Can RadioShack save itself with a DIY makeover?
RadioShack is rewiring its executive branch — and it might just work
RadioShack's core customers have long been builders — those with the skills and ambition to hack and repair their own electronic devices. In 1921, when the company had just one location in downtown Boston, founders Theodore and Milton Deutschmann mailed equipment to ham radio enthusiasts who built their own devices aboard ships. Over the years, the company has continued to sell parts and accessories catering to CB operators and audiophiles.
RadioShack is an iconic brand that has been languishing for more than a decade — really languishing. Since the healthy years of the late 1990s, when shares reached $78.50, Best Buy and other big box companies have grown to dominate the market, sending RadioShack's profits into a tailspin. RadioShack's most recent 52-week low is $1.90. In 2012, the credit agency Fitch cut its credit rating to CCC, down from the already non-investment-grade score of B-. "We have little confidence in RadioShack's ability to earn a profit stream," an analyst told MarketWatch at the time. "It's a core, painful lesson we take from this call. In this market, the [numbers] are the story."
But behind the scenes, the company has been assembling an executive team that means business, building on core competencies going back to its DIY roots.
Early this year RadioShack swiped Joeseph Magnacca from Walgreens to be its CEO. Magnacca was a rising star at Walgreens and was promoted to executive vice president just one week before RadioShack named him CEO. It was a big score — and it shows that RadioShack has bigger plans than cutting costs and sweet-talking creditors.
Magnacca is a true merchant, something RadioShack desperately needed. He is credited with remaking Duane Reade and creating a powerhouse of store brands including Nice!, now a $1 billion brand for Walgreens.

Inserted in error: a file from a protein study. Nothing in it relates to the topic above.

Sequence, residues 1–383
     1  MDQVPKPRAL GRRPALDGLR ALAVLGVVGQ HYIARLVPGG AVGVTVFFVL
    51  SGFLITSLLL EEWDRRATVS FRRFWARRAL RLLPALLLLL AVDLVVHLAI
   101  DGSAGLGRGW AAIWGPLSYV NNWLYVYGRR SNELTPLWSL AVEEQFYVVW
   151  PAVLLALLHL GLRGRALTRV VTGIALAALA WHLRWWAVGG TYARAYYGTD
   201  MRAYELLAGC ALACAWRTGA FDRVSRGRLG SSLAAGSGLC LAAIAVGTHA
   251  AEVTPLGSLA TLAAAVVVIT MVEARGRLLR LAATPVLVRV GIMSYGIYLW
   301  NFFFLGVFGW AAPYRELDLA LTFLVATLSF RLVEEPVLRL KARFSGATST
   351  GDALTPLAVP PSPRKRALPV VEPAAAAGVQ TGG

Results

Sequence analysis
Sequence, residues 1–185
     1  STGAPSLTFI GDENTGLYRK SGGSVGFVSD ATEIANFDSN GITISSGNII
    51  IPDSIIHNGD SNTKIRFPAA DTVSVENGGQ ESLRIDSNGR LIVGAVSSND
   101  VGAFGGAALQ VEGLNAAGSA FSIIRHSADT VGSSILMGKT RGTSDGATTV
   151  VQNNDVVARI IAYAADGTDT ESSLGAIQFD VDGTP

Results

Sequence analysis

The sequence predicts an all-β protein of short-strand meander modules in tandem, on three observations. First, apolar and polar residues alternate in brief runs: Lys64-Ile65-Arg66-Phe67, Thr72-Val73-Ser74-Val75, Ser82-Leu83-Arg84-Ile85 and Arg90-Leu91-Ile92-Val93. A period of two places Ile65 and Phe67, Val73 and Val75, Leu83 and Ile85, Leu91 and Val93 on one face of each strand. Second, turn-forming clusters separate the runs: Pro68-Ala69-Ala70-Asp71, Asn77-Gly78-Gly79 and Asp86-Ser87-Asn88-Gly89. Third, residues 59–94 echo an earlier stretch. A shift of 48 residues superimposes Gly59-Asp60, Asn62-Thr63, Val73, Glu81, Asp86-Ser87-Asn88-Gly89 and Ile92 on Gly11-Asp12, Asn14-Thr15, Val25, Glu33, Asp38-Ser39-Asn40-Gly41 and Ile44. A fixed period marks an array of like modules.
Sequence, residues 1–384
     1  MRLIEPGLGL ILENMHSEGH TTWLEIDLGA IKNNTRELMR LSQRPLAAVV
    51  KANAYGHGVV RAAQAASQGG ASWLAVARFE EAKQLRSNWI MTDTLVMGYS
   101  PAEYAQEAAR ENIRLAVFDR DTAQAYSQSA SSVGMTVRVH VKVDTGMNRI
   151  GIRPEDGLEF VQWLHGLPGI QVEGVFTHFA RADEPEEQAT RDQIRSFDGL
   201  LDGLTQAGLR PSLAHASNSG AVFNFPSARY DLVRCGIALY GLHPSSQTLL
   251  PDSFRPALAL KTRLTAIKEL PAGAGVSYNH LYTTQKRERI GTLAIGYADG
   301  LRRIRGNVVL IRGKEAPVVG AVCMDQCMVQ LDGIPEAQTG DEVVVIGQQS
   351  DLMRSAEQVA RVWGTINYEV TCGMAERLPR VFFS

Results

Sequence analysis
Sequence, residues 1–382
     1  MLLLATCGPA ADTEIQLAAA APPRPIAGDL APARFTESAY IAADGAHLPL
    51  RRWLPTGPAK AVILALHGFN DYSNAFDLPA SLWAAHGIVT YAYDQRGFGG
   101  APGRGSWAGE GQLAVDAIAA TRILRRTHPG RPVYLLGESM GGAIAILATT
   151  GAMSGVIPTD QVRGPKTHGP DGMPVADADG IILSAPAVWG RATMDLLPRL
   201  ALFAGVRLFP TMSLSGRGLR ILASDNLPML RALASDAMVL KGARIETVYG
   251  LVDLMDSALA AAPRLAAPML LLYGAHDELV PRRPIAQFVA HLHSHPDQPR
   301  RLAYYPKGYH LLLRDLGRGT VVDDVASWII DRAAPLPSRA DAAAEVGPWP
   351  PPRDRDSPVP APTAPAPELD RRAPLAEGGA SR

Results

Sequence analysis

Private label products have long been the core of RadioShack, but management has failed to update this legacy, relegating its home name brands like Realistic, which made audio equipment, to the garbage bin of history. RadioShack private label batteries, connectors, cables, and components remain key products for the company. Magnacca is the right choice to rebuild them.
Two other key executive additions help fuel the optimism around a RadioShack turnaround: Jennifer Warren and Michael DeFazio as senior vice president and chief marketing office and senior vice president of store concepts, respectively. Both have long histories implementing successful retail programs with brands that include Walmart and Sam's Club, Marhsalls and TJ Maxx, and Walgreens, where DeFazio developed the drug chain's newest flagship stores.
Already, RadioShack is reaping the rewards of these new hires. There's a catchy new marketing program with Beats that actually evokes a younger more relevant RadioShack. Its architect, Warren, has already been named one to watch by Ad Age, andplans to open up RadioShack-branded departments within 4,000 college bookstores and renewed focus on its core DIY customer.
In May, RadioShack announced a partnership with Maker Media to create a DIY product lineup and partnered with publications and communities like Popular Science and Popular Mechanics. It's a product lineup that harkens back to RadioShack's roots and to what it traditionally did well, and can successfully do again.
The RadioShack brand still means something to a dedicated group of shoppers who go there for components and DIY materials not found anywhere else, except possibly online. As long as management doesn't go too far from this core, at least in these critical initial stages, it has a chance to get back on its feet.
The company is tapping into social media and building online communities to help direct these new DIY programs, stock the right mix of components and kits and get feedback from these core customers, Andrew Reid, president of Vision Critical, a company that powers "insight communities," told me in May. "RadioShack is a new brand for about a year now, it's very innovative," he said. "They're bringing their customers into the conversation about everything they do, from how they're marketing and messaging to the products they're carrying."
RadioShack can't be everything to everyone and technology is a lot more accessible to shoppers today than in the retailer's heyday, but there are new products on the horizon with great promise — like 3D printers, for instance.
"The change in strategy/advertising, to some extent, reflects a willingness to take chances to drive the business," wrote analyst David Strasser of Janney Capital Markets in a report. "If this risk and differentiation is a sign of things to come at RadioShack, the story could get a little more interesting. The question of whether and how dramatic this turnaround could be, is up in the air, but this is a step in the right direction."
RadioShack may not be able to shake off the last decade, particularly that cringe-worthy attempt at renaming itself the "The Shack." A successful turnaround is by no means a given, but its new management team is made up of builders — just like its DIY customer base. Now is its best shot in ages.